Preventive maintenance may not always restore the condition of the system to `as good as new’ [See Imperfect Maintenance V7N3]. We must determine when it is optimal to perform preventive maintenance and when maintenance should be performed when an opportunity arises. This should be done in advance during the maintenance planning phase. This is why maintenance engineering is a science backed up by a lot of crystal ball gazing and hocus-pocus.
So now what? I did what my kids would do and looked on-line. I found a heuristic (rule of thumb for you CPL & CML candidates) ratio of preventive maintenance to corrective maintenance. While not a “one-size-fits-all,” it is a starting point. A reference we can utilize to get our arms around this elephant. A benchmark. A line in the sand, etc. The recipe is 6 parts scheduled maintenance to 1 part inherent failures. 6:1. So how do we use it in practice?
CM = Corrective (unscheduled) maintenance
PM = Preventive (scheduled) maintenance
Let’s envision a ‘machine’ that makes ‘things’. We need it to operate continuously all year. Since there are 8,760 hours in most years, that’s our planned operating time. However, we know that all mechanical objects with moving parts have the potential of eventually breaking down. Hypothetical Reliability experts predicted that our hypothetical machine will have a mechanical issue that will stop it on average, every 973 hours (MTBF). That means it will be down for 8,760 / 973 = 9 times a year (or so). If it takes an average of 8 hours to repair it each time, the machine will be out of service 9 x 8 = 72 hours a year. That’s 3 full days!
By performing preventive maintenance, our machine is still breaking down, but hopefully less often and with less downtime. Scheduled maintenance often costs fractions less than corrective maintenance. But in order to achieve this technological wizardry, we have to stop the machine more often than it breaks down – around six times more often. By factoring in the life cycle costs (LCC), it is possible that run-to-failure is still a viable alternative. Intrinsic values such as the possibility of losing contracts in the future or potential safety issues may also factor in. Just how important is this ‘thing’ we make anyway? If safety is involved in the product or manufacturing process, economics may take a back seat.
We can spend a ton of time and money to get a more accurate scheduled maintenance interval estimate. Or we can use the “Wella” method. “Well’a, let’s reduce PM by 1 or 2 events per year and see what happens. And if that doesn’t work, we’ll increase it by 1 or 2 and see what that does.” You don’t have to wait until the end of the year to measure failure statistics, but it helps to have a decent statistical sample before making any huge jumps in PM intervals.
There can be situations when the PM solution that provides the least amount of downtime causes a higher cost, and vice versa. This is because the cost of performing average CM & PM tasks usually differ considerably. PM doesn’t always cost less than CM. Also, with a heuristic 6:1 ratio, we already know that the machine will be taken out of service about six times more than the actual number of failures. So what we have to do is add together all of the costs involved with scheduled maintenance and then comparing them to all of the costs associated with run-to-failure. The lowest cost is usually the best option. I did this in a spreadsheet model and was able to tweak the inputs to show how PM intervals affect both cost & downtime. [Ask for my model if you want to compare it to yours.]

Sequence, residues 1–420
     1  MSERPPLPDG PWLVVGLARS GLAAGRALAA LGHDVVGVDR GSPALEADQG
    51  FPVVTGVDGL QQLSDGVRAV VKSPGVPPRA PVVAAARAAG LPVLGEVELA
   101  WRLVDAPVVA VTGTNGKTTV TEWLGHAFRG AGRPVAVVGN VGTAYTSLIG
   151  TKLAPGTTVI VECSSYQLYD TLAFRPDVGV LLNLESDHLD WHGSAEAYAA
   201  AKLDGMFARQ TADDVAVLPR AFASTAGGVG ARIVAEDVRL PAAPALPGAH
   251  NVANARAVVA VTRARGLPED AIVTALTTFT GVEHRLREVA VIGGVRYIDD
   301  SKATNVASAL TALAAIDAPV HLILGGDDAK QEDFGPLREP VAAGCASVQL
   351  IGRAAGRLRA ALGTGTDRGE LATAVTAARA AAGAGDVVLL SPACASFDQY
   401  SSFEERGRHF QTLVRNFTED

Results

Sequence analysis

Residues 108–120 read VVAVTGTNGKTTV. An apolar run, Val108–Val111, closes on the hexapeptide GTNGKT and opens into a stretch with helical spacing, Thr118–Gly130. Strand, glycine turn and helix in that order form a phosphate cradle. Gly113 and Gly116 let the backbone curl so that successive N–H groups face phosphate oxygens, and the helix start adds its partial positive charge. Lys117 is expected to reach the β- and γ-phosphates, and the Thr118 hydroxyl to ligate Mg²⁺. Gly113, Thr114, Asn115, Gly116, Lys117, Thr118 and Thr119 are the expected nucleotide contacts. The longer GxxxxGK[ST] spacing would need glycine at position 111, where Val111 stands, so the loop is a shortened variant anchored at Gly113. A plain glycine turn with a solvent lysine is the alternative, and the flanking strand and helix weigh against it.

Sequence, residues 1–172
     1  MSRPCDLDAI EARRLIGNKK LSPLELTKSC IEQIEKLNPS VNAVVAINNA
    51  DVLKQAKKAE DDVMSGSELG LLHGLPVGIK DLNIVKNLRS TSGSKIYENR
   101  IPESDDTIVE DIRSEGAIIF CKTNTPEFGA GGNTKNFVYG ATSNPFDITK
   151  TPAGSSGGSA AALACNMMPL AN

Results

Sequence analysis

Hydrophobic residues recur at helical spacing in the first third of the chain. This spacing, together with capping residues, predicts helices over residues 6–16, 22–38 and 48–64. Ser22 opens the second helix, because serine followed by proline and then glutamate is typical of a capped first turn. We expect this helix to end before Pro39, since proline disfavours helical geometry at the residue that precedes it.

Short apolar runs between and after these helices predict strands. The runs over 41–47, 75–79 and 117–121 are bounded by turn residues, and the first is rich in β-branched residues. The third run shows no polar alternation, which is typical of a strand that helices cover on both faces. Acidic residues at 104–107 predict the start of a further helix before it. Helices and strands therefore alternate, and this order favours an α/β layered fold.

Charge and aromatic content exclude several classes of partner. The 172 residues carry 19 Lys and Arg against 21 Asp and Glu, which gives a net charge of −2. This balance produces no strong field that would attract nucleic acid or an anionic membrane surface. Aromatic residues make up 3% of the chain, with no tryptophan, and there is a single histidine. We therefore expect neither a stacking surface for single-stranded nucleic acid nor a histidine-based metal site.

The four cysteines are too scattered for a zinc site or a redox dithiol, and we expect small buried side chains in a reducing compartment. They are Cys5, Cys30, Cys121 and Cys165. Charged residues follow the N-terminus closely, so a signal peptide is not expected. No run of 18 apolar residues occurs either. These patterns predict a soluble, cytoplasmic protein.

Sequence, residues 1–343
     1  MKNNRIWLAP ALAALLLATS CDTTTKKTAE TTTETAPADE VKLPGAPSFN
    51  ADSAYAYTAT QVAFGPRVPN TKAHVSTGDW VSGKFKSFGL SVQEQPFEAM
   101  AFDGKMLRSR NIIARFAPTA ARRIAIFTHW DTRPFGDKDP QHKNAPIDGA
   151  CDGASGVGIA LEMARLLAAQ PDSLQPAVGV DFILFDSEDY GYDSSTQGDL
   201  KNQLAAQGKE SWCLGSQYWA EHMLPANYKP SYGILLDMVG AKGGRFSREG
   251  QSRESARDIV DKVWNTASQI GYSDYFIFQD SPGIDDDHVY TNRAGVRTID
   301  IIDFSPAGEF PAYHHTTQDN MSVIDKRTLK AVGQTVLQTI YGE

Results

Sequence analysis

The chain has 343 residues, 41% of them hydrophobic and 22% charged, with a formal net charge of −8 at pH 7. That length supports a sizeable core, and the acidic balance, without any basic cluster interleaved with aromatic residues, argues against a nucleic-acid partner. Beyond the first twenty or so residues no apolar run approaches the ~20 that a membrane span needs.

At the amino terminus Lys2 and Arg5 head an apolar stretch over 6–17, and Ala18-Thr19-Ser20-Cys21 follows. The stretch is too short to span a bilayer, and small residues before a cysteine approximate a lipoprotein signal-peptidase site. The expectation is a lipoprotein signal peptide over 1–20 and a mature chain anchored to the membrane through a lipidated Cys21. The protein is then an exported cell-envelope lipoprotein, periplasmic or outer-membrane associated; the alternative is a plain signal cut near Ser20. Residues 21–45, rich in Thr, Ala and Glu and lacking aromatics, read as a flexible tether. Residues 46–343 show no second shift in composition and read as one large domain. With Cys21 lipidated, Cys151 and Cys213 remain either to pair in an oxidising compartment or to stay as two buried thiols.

The input variables I used were:
Run-To-Failure: CM repair cost per event; MTBF; time to repair
Preventive Maintenance: PM maintenance cost per event; events/year; time to maintain
Plus: planned operate time/year;the cost of downtime
The outputs I derived were:
Run-To-Failure: Total CM maintenance costs
Preventive Maintenance: Total PM maintenance costs
Plus: Operational Availability (Ao); failure rate; number of failure events, predicted downtime, the least cost solution and by how much (graphed)
According to the sample data in my spreadsheet, I show the direction downtime vs. cost takes with any CM to PM ratio. If the MTBF doesn’t change [unrealistic], we can increase/decrease the number of scheduled maintenance events in the model to see what that does to downtime and the cost of maintenance. We can adjust it for predicted or actual MTBFs, and the costs associated with downtime and maintenance to see what affects that has on total maintenance costs. Now we can go into decision making meetings with educated and modeled “what-if” analysis results that justify our recommendations.
Just because a solution nets the greatest amount of uptime, it may be the worst economic solution. It all depends on what you value most; uptime, cost avoidance, or both (the optimal solution). Now that the costs are laid out in front of us, we can decide if it is worth performing PM activities, or just let the machine break-down and have a repair company on speed-dial. Scheduled maintenance is costing us a whole lot more than ya think. But from a mission success or safety perspective, it can be the difference between life, death, success, or failure. – Logistics in Action
Reliability Centered Maintenance Guide for Facilities and Collateral Equipment: https://www.hq.nasa.gov/office/codej/codejx/Assets/Docs/RCMGuideMar2000.pdf
Evolution of MSG-3 (Maintenance Steering Group Logic-3): https://sassofia.com/blog/notes-on-the-evolution-of-msg-3-maintenance-steering-group-logic-3/
Interesting scheduled maintenance statistics: https://www.onupkeep.com/learning/maintenance-metrics/maintenance-statistics
“I have a big diesel truck, so I have a good scheduled maintenance program: oil change, fuel filters…on a 4 month schedule. My motorcycle gets pre/post flight every sortie. My house gets washed twice a year; internal air filters changed every month, and other than write-ups from the crew chief….those go onto a priority list (honey-do) for phased (Saturday) maintenance…” – Jeff Benner, DML